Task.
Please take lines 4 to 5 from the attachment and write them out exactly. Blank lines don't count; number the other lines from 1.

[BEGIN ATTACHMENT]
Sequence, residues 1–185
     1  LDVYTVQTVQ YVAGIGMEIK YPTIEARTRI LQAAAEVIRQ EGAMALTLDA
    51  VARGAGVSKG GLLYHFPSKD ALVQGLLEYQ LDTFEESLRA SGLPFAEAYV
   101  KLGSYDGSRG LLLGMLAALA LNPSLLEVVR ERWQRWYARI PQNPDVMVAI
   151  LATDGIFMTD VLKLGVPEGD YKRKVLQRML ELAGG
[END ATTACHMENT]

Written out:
   101  KLGSYDGSRG LLLGMLAALA LNPSLLEVVR ERWQRWYARI PQNPDVMVAI
   151  LATDGIFMTD VLKLGVPEGD YKRKVLQRML ELAGG